Asset Forfeiture

Final Chapter of Cash Seizure Series a Repulsive Accounting of Police Misbehavior

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"I sense a 50 percent increase in overtime claims coming."
Credit: West Midlands Police / photo on flickr

On Monday I noted The Washington Post had put together a series of stories offering a deep look at the abuse by law enforcement agencies across the country of civil asset forfeiture laws and how they've been able to line their pockets with citizens' money without ever actually proving said citizens had committed any crime.

The final chapter is, as teased, a collection of terrible stories of American citizens who happen to be transporting cash being stopped by law enforcement officers for relatively minor reasons and conclude with these people having said cash taken away from them. Here's just one of several stories highlighted:

Matt Lee of Clare, Mich., got snared in an interdiction net in 2011 on Interstate 80 in Humboldt County, Nev. Lee was a 31-year-old college graduate who had struggled to find work and had moved back in with his parents to save money. When a friend promised him an entry-level job as a sales rep at a photo studio in California, Lee's father, a postal employee, loaned him $2,500 in cash and Lee drove west in a decade-old Pontiac Bonneville.

On his third day, Lee was passing through the Nevada desert, wearing aviator sunglasses. A sheriff's deputy raced up alongside the Bonneville, stared at Lee and then pulled him over.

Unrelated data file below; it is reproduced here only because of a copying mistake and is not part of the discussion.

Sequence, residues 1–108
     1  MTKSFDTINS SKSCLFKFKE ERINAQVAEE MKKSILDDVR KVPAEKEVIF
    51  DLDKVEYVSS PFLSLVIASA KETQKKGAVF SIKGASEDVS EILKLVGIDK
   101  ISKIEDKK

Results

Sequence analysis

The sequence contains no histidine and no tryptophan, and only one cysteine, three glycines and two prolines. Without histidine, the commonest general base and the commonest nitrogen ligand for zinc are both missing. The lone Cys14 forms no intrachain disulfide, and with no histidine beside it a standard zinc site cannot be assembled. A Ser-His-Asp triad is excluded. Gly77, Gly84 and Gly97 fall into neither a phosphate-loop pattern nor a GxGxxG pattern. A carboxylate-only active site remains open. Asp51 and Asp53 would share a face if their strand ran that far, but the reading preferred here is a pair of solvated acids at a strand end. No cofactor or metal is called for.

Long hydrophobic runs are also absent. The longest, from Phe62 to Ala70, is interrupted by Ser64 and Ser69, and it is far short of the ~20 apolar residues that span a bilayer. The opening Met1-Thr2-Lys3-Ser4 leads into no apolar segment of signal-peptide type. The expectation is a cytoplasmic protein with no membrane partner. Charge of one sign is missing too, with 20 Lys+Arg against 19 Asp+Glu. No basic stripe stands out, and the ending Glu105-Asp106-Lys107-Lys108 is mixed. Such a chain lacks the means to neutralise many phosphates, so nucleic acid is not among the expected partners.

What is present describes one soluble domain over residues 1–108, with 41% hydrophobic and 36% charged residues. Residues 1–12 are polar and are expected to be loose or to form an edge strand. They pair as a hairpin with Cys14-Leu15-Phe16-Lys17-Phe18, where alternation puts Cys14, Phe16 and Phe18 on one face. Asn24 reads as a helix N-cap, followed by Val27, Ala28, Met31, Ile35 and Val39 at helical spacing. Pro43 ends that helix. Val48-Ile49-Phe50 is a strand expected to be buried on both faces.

Humboldt County Sheriff's Deputy L.A. Dove, a member of the K-9 drug interdiction unit, has received instruction from the 4:20 Group, a contractor for the DEA and one of the leading interdiction trainers in the country.

Dove asked whether Lee was carrying any currency and summoned a K-9 officer. Dove told Lee, who is white, to get out of the car and stand at the edge of the desert, while a dog sniffed for drugs. The deputy told Lee that he didn't believe his story that he was moving to California, because he was carrying so little baggage, Lee told The Post. Lee has no criminal record.

When a search turned up Lee's remaining $2,400 in cash, Dove and his colleague exchanged high-fives, Lee said. Dove said he was taking the money under state law because he was convinced that Lee was involved in a drug run. Lee was left with only the $151 in his pocket.

Lee got an attorney and eventually they agreed to give him his money back. But his attorney ended up taking half in fees.

For other cases, when challenged, officials offer to give the citizen half the money they've taken back if their victim will shut up and go away. Another victim, despite winning his battle and getting all his money back (and forcing the government to pay his legal fees) still ended up screwed over. The seized cash was to be used for costs of operating his small Virginia restaurant. Without the money, he ended up having to shut it down during the course of fighting for his property back.

Read the full story here. That at least nobody got beaten or shot is about the best you can say about the tales.

NEXT: "Airbnb of Education" Funds Keggers Across America

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  1. But if it saves even ONE child, it’s worth it.

    1. I don’t like hearing that phrase, even sarcastically.